The Big Ten Network is coming. And when it gets here at the end of next month, Ohio State fans will have the opportunity to see all 36 of their Buckeye teams in action.
The games, as compelling as they may be, are only part of the attraction. In addition to 35 football games, 105 men’s basketball games, 65 women’s basketball game and 170 Olympic sporting events including Big Ten championship competition, the Big Ten Network will feature replays of classic Big Ten contests from years past and a nightly studio show that recaps the day’s highlights. The BTN also will carry weekly coaches shows during the football and basketball seasons and compelling behind-the-scenes looks at student-athletes, coaches and teams in feature formats.
But what really makes the Big Ten Network unique is a total of 660 hours of academic programming each year 60 by each member institution that will be produced on the campuses. This programming will showcase the numerous academic breakthroughs and achievements in the Big Ten and will allow the universities to honor alumni as well as current students and faculty who have distinguished themselves in the academic world.
“This is truly a unique approach to broadcasting, but one that I believe is the wave of the future,” said Steve Snapp, Ohio State’s associate athletics director for broadcasting. “We have great teams at Ohio State and our fans will see more games than ever before. We also have a wonderful, and important, story to tell academically and the Big Ten Network allows us to tell that story in our own words. I think our fans will embrace the concept.”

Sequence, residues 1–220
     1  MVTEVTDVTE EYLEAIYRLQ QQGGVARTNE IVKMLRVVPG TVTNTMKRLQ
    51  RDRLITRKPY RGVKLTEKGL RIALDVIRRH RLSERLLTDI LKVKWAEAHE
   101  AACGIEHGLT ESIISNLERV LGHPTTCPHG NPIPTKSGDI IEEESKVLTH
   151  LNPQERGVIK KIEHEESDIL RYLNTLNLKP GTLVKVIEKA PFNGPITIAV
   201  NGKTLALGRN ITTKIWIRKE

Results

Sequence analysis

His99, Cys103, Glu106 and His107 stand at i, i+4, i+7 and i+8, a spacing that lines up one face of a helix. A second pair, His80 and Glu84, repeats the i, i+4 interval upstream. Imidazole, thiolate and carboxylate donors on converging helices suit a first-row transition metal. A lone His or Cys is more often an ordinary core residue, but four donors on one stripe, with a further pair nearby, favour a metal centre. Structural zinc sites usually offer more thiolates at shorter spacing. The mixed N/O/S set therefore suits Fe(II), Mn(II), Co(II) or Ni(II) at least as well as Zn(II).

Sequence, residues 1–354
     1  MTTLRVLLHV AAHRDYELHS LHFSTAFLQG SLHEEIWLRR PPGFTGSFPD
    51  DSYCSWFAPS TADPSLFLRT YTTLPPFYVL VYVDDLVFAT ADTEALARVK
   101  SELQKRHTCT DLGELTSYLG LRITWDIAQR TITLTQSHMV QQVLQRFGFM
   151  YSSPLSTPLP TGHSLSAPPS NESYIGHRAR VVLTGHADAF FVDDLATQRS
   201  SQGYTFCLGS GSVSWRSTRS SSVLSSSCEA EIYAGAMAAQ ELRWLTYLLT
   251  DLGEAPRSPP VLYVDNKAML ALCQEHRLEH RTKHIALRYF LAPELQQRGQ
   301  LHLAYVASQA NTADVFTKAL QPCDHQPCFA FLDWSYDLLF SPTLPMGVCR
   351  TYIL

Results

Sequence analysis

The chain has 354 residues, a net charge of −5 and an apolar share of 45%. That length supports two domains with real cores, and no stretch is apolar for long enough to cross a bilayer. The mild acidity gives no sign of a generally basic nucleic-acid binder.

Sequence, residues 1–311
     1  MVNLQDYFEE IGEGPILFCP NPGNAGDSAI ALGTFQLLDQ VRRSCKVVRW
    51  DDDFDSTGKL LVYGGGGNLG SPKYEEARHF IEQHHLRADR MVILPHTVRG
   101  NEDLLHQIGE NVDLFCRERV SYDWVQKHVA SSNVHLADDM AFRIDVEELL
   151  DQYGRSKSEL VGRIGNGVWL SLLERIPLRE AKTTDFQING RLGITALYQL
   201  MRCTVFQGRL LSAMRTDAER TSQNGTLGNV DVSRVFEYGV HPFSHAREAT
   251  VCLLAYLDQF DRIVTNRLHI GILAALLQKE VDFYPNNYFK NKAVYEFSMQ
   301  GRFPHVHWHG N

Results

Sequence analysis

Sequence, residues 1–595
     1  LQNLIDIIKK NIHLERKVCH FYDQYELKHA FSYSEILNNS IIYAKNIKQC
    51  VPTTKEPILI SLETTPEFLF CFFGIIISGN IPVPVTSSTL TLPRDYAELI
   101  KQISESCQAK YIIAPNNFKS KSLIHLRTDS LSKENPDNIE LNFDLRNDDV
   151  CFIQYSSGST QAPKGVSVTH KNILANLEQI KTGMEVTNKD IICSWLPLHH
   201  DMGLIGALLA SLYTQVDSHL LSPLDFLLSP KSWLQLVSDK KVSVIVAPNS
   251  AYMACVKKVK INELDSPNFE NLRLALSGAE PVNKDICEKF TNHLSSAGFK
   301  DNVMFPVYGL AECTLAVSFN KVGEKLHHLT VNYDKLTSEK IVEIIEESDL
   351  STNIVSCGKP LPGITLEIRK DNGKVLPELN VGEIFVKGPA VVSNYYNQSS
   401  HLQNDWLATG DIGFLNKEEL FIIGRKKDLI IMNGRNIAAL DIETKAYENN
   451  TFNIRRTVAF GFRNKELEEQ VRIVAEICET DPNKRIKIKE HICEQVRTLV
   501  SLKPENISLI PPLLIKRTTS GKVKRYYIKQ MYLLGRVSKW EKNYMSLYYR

Set to launch on Aug. 30, the Big Ten Network will televise more than 1,000 hours and 360 events in High Definition in the first year alone.
Ohio State’s first two football games of the year, Sept. 1 against Youngstown State and Sept. 8 against Akron, will be televised by the Big Ten Network. Additionally, the Buckeyes’ men’s and women’s soccer, field hockey and women’s volleyball teams are all part of the network’s fall programming lineup
“I view the Big Ten Network as a terrific recruiting tool for the entire Big Ten,” said Ohio State football coach Jim Tressel. “And it allows our many fans around the country, and around the world, the opportunity to learn more about the Big Ten Conference.”
With deals already in place with DirecTV and AT&T at the basic cable level, as well as nearly 80 other cable companies, the Big Ten Network will roll out to more than 16 million homes at launch. Additionally negotiations continue with all the major cable operators in an effort to blanket eight-state Big Ten market and other parts of the country.
“Our desire in the Big Ten footprint is to keep the network on basic cable,” said Mark Silverman, president of the Big Ten Network. “We realize that in other parts of the country it may be on a digital tier, but inside eight-state Big Ten area we believe it should be part of the basic cable package.”
As part of the Big Ten football package, the Big Ten Network will carry five prime time games. During the basketball season, there will be games three nights a week (Tuesdays, Wednesdays and Thursdays) as well as Saturdays and Sundays.
There also will be equity in men’s and women’s programming, with Monday night designated specifically as women’s night. Of course other women’s events will be televised throughout the course of the week.
Dave Revsine, formerly of ESPN has agreed to host the nightly studio show and veterans Thom Brennaman and Charles Davis will be the lead play-by-play team for football. Former Ohio State player and assistant coach Glen Mason is also part of the broadcast team.
Ohio State fans interested in receiving the Big Ten Network should call their local cable provider to make sure it is available.
For further information on the Big Ten Network go to http://www.bigtennetwork.com/.